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October 17, 2006

Waterboarding is the new patient justice: Bush signs torture bill

George W. Bush signed the torture/habeas corpus bill today:

"It is a rare occasion when a president can sign a bill that he knows will save American lives," Bush said. "I have that privilege this morning."

Bush signed the bill in the White House East Room, at a table with a sign positioned on the front that said "Protecting America." He said he signed it in memory of the victims of the Sept. 11 attacks.

"We will answer brutal murder with patient justice," Bush said. "Those who kill the innocent will be held to account." [AP]

Patient justice?

The president also praised Donald Rumsfeld for his hard work in rolling back civil liberties. To be fair, Rummy is a lot better at taking rights away from Americans than he is at giving rights to Iraqis and Afghanis.

Even more disturbingly, the president explicitly stated that he considers torture to be a form of extra-judicial punishment:

"With the bill I'm about to sign, the men our intelligence officials believe orchestrated the murder of nearly 3,000 innocent people will face justice," Bush said. [AP]

And so, the truth comes out. The president values torture as retribution for its own sake. Never mind that suspects are tortured before they've been tried, let alone found guilty of anything.

And of course, the president reserved the right to decide for himself what constitutes torture, in secret:

The legislation also says the president can "interpret the meaning and application" of international standards for prisoner treatment, a provision intended to allow him to authorize aggressive interrogation methods that might otherwise be seen as illegal by international courts. White House press secretary Tony Snow said Bush would probably eventually issue an executive order that would describe his interpretation, but those documents are not usually made public and Snow did not reveal when it might be issued. [AP]

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White House press secretary Tony Snow said Bush would probably eventually issue an executive order that would describe his interpretation but those documents are not usually made public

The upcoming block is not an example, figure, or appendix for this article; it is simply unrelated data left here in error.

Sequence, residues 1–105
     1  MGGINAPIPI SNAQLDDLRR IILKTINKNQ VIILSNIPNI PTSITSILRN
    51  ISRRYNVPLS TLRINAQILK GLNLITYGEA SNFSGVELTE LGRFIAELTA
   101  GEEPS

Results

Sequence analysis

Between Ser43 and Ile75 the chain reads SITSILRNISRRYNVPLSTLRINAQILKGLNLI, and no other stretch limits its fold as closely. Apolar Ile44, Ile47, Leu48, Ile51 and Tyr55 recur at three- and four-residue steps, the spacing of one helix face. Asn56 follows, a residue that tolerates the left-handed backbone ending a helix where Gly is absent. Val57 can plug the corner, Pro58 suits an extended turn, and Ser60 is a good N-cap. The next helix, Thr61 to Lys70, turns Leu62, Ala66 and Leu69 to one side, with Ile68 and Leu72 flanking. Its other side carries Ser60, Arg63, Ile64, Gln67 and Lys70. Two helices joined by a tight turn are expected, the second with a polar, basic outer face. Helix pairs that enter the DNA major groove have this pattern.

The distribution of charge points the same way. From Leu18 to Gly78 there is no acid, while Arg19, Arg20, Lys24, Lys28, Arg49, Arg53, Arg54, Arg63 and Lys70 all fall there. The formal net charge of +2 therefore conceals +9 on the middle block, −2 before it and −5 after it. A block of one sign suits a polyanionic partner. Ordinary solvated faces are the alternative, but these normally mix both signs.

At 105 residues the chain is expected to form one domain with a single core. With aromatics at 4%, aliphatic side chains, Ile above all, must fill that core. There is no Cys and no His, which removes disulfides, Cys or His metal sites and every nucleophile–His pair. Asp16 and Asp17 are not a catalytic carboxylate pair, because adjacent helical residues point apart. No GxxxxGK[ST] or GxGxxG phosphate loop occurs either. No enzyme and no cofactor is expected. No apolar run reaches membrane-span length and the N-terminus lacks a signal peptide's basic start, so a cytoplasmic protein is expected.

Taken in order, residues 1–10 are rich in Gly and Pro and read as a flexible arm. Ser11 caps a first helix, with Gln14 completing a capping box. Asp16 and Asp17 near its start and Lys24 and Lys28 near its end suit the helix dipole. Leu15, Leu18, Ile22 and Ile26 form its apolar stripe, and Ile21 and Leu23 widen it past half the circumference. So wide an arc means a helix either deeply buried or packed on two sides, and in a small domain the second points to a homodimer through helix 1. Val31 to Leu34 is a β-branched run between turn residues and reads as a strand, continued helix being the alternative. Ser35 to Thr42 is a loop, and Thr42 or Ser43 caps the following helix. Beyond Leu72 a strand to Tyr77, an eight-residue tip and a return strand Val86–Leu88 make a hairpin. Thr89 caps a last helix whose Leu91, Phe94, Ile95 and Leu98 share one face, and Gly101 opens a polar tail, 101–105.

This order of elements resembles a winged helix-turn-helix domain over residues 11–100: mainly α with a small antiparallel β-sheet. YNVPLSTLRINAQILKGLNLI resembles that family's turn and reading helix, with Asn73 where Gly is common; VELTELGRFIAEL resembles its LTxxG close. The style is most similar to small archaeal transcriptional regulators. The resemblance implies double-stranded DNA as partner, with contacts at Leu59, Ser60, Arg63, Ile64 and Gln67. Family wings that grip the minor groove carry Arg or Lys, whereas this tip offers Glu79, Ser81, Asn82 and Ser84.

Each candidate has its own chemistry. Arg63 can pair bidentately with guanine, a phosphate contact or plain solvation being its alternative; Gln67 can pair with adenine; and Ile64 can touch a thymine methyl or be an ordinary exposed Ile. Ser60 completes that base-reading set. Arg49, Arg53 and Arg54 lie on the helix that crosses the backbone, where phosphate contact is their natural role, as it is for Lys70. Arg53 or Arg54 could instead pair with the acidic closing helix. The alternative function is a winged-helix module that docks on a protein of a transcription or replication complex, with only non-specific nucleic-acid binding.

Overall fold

In fact, it'll be revealed through a press room version of What's My Line: each hack gets to ask a question with a yes/no answer, and Pony Blow moves on after every 'no'.

'Helen?'
'Does it include electrical cables attached to the genitals?'
'[pause] Noooo. Suzanne?'

Let's make a drinking game out of it. Every time a Bush official uses the words "terrorist" and "justice" in the same sentence at any press conference when describing anything at all, take a shot.

Whooooo, hang on... I'm drunk before we've started...

===================
Even more disturbingly, the president explicitly stated that he considers torture to be a form of extra-judicial punishment:

"With the bill I'm about to sign, the men our intelligence officials believe orchestrated the murder of nearly 3,000 innocent people will face justice," Bush said. [AP]
==================

Bush probably meant the "justice" of the military trials of suspected terrorists.

I consider those kangaroo courts an injutice, but that is another issue.

I don't think Bush was calling torture "justice."

Sadly, I felt compelled to write a song about it the other week.

Let's see. Small-minded theocrats, crippled by fear of an imagined foe, turn to torture and injustice, under a mocking veneer of law and order ... sounds familiar.

I'm going to call it the Malleus Maleficarum Act of 2006.

I hate Chimpy more than you do, but I don't want you to get called out on this by one of his pals. The bill, in addition to giving him the power to torture people and disappear you and me as an enemy combatant, does set up a mechanism for military tribunals at Gitmo. That's presumably what he was referring to by talking about people facing justice.

Sure, it isn't real justice, but he was not talking about torture as extrajudicial punishment. That's a reach, I'm afraid.